10 Things You Want Your Kid’s Special Education Teacher To Know
This is a post in the weekly Autism Hopes series by Lisa Quinones-Fontanez, a mom who blogs over at AutismWonderland.
In less than four weeks, on September 9th, New York City kids will return to school. My son Norrin will be one of them. Which seems unreal because since his school has an extended school year, his summer vacation just started. (This week is actually his first week off from school.) Norrin’s school is also ungraded. But if it weren’t, he’d be starting the 2nd grade. This also seems unreal…
I feel lucky that he’ll have the same teacher as last year. But in previous years, whenever Norrin started a new school year, I would send in a note with key information about him. In my experience teachers appreciated the gesture. (There was only one that didn’t. And man, oh man, was that a sign of how our school year would play out!)
On the first day of school, these are 10 things your kid’s teacher should know:
Backstory. Doesn’t need to be extensive. Just a few lines on when they were diagnosed and a list of past services or therapies.
Progress made over the last year. Has your child made great strides over the last year? What improvement have you seen? Let the teacher know what your kid is capable of and that they have significant potential.
Strengths. Brag a little. Is your kid a whiz at the iPad or a super speller? Your child’s teacher will want to focus on their strengths right away.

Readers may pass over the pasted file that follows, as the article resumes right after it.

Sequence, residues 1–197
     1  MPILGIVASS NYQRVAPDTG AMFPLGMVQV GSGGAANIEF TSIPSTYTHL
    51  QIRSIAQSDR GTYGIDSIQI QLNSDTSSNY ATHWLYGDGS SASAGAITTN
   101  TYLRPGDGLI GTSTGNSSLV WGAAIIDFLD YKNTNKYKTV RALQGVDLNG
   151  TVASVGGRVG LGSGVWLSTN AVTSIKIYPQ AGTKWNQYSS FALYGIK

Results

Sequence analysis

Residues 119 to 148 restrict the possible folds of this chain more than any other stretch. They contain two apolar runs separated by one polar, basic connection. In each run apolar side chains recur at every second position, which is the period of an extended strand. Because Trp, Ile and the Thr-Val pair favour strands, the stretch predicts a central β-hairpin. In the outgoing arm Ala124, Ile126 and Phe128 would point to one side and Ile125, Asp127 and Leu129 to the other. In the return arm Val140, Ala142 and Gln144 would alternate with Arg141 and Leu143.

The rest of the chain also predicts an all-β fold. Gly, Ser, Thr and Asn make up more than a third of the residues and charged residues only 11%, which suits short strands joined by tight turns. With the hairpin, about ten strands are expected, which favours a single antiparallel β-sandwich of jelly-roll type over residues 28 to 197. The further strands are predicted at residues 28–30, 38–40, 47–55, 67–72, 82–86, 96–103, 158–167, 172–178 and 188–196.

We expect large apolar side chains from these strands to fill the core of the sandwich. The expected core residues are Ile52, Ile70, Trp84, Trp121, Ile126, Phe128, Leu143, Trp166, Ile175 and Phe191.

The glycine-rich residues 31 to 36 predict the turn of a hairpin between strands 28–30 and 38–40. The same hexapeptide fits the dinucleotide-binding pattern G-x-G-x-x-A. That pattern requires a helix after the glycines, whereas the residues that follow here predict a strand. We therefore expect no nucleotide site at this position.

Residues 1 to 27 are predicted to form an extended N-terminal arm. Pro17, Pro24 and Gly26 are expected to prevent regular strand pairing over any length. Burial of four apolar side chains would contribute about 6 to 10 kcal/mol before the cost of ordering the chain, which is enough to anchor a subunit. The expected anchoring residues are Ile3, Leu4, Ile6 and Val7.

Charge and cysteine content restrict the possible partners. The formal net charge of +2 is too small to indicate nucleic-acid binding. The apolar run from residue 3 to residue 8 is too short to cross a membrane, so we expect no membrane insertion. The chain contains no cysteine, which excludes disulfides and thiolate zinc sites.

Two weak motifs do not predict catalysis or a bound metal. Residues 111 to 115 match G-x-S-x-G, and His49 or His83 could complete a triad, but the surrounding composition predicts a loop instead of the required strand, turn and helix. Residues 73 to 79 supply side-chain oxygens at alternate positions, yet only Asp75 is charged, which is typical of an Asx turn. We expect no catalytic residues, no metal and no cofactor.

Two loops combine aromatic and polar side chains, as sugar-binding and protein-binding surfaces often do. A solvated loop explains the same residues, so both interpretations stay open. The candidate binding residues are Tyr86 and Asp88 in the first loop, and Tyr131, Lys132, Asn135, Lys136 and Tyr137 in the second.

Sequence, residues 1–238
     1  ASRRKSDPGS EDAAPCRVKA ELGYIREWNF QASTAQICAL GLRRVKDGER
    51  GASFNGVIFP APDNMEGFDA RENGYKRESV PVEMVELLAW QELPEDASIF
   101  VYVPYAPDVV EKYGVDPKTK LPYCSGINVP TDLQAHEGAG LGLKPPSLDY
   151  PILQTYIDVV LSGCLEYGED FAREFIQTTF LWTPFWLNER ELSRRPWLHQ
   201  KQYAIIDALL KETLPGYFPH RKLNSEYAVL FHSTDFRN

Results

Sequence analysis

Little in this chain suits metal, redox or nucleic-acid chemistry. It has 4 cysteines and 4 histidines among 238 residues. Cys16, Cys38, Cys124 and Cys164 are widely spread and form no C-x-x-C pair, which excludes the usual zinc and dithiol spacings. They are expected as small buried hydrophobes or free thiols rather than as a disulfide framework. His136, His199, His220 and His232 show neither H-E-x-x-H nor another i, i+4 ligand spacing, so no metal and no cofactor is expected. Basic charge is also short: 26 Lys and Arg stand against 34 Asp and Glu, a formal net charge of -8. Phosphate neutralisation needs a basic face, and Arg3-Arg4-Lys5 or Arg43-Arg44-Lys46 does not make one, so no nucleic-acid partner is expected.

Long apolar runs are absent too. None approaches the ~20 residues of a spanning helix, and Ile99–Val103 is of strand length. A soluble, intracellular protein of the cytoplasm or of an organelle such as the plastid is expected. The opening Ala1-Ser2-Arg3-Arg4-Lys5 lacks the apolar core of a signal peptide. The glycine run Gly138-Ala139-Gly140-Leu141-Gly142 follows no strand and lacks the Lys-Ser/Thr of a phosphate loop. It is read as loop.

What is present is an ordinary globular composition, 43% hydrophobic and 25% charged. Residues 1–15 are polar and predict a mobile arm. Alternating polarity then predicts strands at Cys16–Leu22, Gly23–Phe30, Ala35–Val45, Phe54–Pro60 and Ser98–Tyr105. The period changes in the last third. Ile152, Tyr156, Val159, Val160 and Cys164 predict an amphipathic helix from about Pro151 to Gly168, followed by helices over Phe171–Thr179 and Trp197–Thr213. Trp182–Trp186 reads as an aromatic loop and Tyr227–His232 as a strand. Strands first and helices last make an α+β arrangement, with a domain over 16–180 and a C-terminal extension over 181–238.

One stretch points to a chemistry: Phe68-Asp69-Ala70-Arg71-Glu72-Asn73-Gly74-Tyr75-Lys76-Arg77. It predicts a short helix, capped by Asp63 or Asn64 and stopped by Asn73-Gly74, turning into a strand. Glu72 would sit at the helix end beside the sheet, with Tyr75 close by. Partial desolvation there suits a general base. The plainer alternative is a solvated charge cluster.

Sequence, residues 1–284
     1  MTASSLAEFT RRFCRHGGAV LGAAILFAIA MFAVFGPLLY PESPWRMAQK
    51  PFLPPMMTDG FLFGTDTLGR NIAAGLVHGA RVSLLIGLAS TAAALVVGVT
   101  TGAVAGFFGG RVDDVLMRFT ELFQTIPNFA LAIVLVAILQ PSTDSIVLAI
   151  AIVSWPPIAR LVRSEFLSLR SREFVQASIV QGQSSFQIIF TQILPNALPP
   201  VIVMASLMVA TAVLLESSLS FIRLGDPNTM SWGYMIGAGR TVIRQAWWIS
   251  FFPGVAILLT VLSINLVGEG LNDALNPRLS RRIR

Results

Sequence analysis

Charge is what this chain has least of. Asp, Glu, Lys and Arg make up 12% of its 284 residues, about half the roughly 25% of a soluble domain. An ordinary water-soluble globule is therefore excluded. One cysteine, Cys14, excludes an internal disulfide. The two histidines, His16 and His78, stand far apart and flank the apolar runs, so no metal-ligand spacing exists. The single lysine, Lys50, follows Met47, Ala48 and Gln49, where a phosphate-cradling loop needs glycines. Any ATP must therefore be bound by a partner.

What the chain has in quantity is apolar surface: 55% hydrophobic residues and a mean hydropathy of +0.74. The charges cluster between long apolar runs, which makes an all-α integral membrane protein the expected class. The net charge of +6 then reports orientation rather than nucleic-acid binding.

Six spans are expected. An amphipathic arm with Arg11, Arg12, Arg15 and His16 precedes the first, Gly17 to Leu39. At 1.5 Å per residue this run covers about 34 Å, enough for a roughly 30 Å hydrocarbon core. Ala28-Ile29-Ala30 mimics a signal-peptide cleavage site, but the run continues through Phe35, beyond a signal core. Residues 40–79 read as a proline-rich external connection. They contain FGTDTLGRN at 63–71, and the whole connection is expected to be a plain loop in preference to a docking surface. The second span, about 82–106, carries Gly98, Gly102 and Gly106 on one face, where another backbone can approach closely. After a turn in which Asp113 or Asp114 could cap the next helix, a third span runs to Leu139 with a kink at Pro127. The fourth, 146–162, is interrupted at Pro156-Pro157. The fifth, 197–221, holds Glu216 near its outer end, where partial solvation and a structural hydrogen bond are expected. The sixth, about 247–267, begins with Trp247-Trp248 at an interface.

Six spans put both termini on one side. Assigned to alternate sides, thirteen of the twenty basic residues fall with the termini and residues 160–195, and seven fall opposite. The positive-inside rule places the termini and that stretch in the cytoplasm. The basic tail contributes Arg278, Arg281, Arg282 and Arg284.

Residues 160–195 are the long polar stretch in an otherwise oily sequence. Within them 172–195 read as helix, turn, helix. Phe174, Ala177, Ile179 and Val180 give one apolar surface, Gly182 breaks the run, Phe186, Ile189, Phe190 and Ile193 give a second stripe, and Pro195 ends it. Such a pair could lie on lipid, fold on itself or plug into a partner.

Weaknesses. Maybe your kid is a great speller but has difficulty with hand writing. You want balance in your letter. And honesty is important.
Enjoyed Activities. What does your child like to do in his/her spare time? Will they pick up a book or go for building blocks?
Activities that are frustrating. What is particularly difficult for your child? What will cause your child to have a complete melt down or shut down? If your child is non-verbal – what will child do when frustrated?
Motivators. In order to work through a frustrating activity, your kid will need some motivation. And your kid’s teacher will want to know what motivates them as soon as possible.
Self-stimulating behaviors. Norrin has quite a few self-stimulating behaviors. One of them is pressing a hand (either his or someone else’s) against his cheek while his mouth his open. When Norrin started kindergarten, I wanted his teacher to know about this behavior right away since some people think he’s going to bite. Norrin isn’t a biter, he just does this for the sensory input. Educating a new teacher about your child’s self-stimulating behaviors is something they absolutely need to know on the first day. They will want to know what triggers it and how they can best redirect your child.
Goals. Aside from the IEP goals, what goals would you like to see your child achieve. Be open and realistic about your expectations.
Contact Information. Provide all of your information – include all phone numbers and emails. Also note the times when you can be reached at each number.
The first few weeks of school are always challenging for our kids, you want them to be successful. Never forget that you are a critical member of the IEP team. And you are the expert when it comes to your kid. So don’t be shy about sharing your knowledge with a new teacher.Add a Comment
Tags: autism, Autism Hopes, Disability, education, health, Learning disability, Lisa Quinones Fontanez, raising kids with special needs, special education, Special needs | Categories: Autism, Children With Special Needs, Disability, Must Read, SPD, Special Needs, To The Max